Authors & Events
Aug 30, 2005
| ISBN 9780345478986
Nov 16, 2004
| ISBN 9781588364333
Nov 16, 2004
| 1224 Minutes
Nov 16, 2004
| 371 Minutes
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Aug 30, 2005 | ISBN 9780345478986
Nov 16, 2004 | ISBN 9781588364333
Nov 16, 2004 | ISBN 9780739314432
Nov 16, 2004 | ISBN 9780739314074
THE MISSING YEARS FROM THE GREATEST CRIME SAGA OF ALL TIMEThirty-five years ago, Mario Puzo’s great American tale, The Godfather, was published, and popular culture was indelibly changed. Now, in The Godfather Returns, acclaimed novelist Mark Winegardner continues the story–the years not covered in Puzo’s bestselling book or in Francis Ford Coppola’s classic films. It is 1955. Michael Corleone has won a bloody victory in the war among New York’s crime families. Now he wants to consolidate his power, save his marriage, and take his family into legitimate businesses. To do so, he must confront his most dangerous adversary yet, Nick Geraci, a former boxer who worked his way through law school as a Corleone street enforcer, and who is every bit as deadly and cunning as Michael. Their personal cold war will run from 1955 to 1962, exerting immense influence on the lives of America’s most powerful criminals and their loved ones, including Tom Hagen, the Corleone Family’s lawyer and consigliere, who embarks on a political career in Nevada while trying to protect his brother;Francesca Corleone, daughter of Michael’s late brother Sonny, who is suddenly learning her family’s true history and faces a difficult choice;Don Louie Russo, head of the Chicago mob, who plays dumb but has wily ambitions for muscling in on the Corleones’ territory;Peter Clemenza, the stalwart Corleone underboss, who knows more Family secrets than almost anyone;Ambassador M. Corbett Shea, a former Prohibition-era bootlegger and business ally of the Corleones’, who wants to get his son elected to the presidency–and needs some help from his old friends;Johnny Fontane, the world’s greatest saloon singer, who ascends to new heights as a recording artist, cozying up to Washington’s power elite and maintaining a precarious relationship with notorious underworld figures;Kay Adams Corleone, who finally discovers the truth about her husband, Michael–and must decide what it means for their marriage and their children andFredo Corleone, whose death has never been fully explained until now, and whose betrayal of the Family was part of a larger and more sinister chain of events.Sweeping from New York and Washington to Las Vegas and Cuba, The Godfather Returns is the spellbinding story of America’s criminal underworld at mid-century and its intersection with the political, legal, and entertainment empires. Mark Winegardner brings an original voice and vision to Mario Puzo’s mythic characters while creating several equally unforgettable characters of his own. The Godfather Returns stands on its own as a triumph–in a tale about what we love, yearn for, and sometimes have reason to fear . . . family.
Mark Winegardner is a celebrated novelist who was handpicked by Mario Puzo’s estate to write The Godfather Returns, an instant New York Times bestseller. Winegardner’s previous books, including the novels Crooked River Burning and The Veracruz Blues, have been chosen as among the best of the year by the… More about Mark Winegardner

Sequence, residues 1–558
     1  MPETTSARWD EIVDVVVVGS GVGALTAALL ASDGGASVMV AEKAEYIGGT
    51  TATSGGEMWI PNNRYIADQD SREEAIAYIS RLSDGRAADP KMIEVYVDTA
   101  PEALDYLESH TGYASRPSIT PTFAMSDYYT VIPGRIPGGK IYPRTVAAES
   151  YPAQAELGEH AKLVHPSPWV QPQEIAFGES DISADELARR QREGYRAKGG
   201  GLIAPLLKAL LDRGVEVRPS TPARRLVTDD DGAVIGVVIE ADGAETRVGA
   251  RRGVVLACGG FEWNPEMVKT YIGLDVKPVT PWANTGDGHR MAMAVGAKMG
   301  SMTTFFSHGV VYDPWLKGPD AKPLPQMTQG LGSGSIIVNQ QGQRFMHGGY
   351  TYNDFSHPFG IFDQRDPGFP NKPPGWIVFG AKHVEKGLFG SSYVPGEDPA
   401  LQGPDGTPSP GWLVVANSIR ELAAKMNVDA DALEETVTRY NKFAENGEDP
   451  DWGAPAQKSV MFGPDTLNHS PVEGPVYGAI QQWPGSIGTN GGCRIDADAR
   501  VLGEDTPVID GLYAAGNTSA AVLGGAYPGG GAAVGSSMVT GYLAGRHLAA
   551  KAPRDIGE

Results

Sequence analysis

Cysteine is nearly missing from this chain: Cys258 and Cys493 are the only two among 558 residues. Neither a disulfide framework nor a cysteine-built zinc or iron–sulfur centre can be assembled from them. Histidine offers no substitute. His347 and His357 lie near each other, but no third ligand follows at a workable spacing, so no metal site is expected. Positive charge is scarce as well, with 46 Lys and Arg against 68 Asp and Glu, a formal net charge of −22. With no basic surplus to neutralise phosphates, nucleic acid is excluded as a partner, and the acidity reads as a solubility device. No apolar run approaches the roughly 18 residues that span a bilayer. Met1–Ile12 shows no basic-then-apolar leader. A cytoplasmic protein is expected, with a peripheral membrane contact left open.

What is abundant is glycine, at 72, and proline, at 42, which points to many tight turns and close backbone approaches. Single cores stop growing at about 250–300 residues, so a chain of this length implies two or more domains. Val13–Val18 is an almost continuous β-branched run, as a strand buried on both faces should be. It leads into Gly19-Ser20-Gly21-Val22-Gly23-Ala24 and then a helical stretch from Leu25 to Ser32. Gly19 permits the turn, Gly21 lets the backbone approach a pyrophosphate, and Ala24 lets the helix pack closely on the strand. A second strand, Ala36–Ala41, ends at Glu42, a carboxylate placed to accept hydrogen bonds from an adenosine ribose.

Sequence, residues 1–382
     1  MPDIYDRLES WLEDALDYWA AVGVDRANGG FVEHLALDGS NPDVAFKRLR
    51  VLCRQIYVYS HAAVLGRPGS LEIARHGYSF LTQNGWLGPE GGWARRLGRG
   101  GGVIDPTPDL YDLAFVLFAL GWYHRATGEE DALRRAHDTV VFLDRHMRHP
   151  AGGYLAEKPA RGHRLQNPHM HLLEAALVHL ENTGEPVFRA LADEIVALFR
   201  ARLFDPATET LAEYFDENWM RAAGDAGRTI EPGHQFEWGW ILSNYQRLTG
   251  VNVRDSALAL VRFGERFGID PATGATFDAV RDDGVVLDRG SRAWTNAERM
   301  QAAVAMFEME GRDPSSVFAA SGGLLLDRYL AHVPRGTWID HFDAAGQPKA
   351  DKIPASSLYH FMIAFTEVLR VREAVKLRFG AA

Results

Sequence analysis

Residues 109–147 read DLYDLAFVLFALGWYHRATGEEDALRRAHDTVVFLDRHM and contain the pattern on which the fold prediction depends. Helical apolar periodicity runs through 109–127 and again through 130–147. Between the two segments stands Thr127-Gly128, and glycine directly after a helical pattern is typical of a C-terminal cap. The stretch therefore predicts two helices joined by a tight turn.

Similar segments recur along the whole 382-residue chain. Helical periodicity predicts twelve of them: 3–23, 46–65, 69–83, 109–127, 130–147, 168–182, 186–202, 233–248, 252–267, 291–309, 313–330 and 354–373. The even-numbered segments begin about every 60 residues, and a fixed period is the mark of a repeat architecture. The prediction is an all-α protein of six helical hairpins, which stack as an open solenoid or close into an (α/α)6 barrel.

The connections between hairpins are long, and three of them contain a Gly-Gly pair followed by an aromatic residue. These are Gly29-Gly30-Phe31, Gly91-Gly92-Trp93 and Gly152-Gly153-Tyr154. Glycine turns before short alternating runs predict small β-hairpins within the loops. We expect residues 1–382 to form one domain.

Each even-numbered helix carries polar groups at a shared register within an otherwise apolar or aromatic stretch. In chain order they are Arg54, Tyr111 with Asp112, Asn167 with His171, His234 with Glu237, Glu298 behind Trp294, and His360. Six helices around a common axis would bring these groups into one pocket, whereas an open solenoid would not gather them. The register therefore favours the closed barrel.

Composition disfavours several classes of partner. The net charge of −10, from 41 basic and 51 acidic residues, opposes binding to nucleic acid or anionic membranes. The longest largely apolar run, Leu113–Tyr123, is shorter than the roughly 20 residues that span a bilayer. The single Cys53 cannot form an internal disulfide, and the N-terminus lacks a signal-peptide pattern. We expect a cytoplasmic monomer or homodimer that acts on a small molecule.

Q&A with Mark WinegardnerQ.When did you first read The Godfather?A.When I was about 12. Like a lot or kids who grow up to be writers, I started reading books meant for adults looking for the dirty parts. I had good reason to believe there might be worthwhile moments there. When I heard Random House was looking for an author, I read it again with new appreciation. Q. Why did you want to write it?A. I feel like my entire body of work has been about the mythology of America, and this book fits squarely within that. It’s a magnificent opportunity to write about characters that people already know and are invested in, and in some ways, it’s as big a thrill as if I were writing about Jesse James or Abraham Lincoln. Particularly when I saw how much more story there was to be told, and how little The Godfather had touched on the glory years of the mob in the late 1950’s, I was thrilled to have the chance to take a whack at all of that.Q.Are you nervous about what the reaction will be?A.I’ve been writing almost every day of my life for the past twenty years, and it’s a wonderful thing to be the author of a book people are waiting for, whether they’re sharpening their knives for it or drooling for it. A lot of writers are working away, saying, “Who will ever read this? Who will ever publish this?” The book will come out and either people will like it or not, but it’s going to be read, and I’ll move on and write other books after this one. There’s no down side. Q.Is this a sequel to the novel or the movies?A.The novel, definitely. Mario Puzo’s book ends in 1955. The Godfather Returns will cover the period from 1955 to 1965. Q.But what about The Godfather II? Isn’t there some overlap?A. The parts that weren’t in Mario Puzo’s novel covered only one year, 1958-1959. A lot of other wicked things were going on that can only be revealed now. I don’t address events in the films that aren’t in the novel, but I don’t contradict them, either. Everything fits together, and I hope readers will be surprised to discover some of these unexplored avenues. It turns out there’s a lot we didn’t know about the Corleone family.Q. Like what?A. Sorry. I must obey the laws of omerta. Q. You’re a creative writing professor and you’re not Italian. Are you qualified to be writing about the Mafia?A. I’m not Sicilian, it’s true. Not even Italian-American. I’m just a novelist with a vision of how to continue this American saga. I understand I am, however, German-Irish, same as Tom Hagen. And he did just fine in this world.Q.What would you like the book to accomplish?A. I want it to be a good book, first and foremost. I was always impressed with the way Random House approached this book — that they always seemed quite interested in this not being any kind of publishing gimmick, but a good, literary, page-turner, and I want it to be that. All things being equal, an author shouldn’t think too deeply about the thematics of his own book. I’m out to write the best book humanly possible.Q. Why has The Godfather become an American myth?A. A lot of people have pointed out the story of this family in particular and the mob in general has superceded the western as the core American mythological story. It’s something that in my last two novels I was circling around, and I’m glad to have a chance to come in this time for the kill.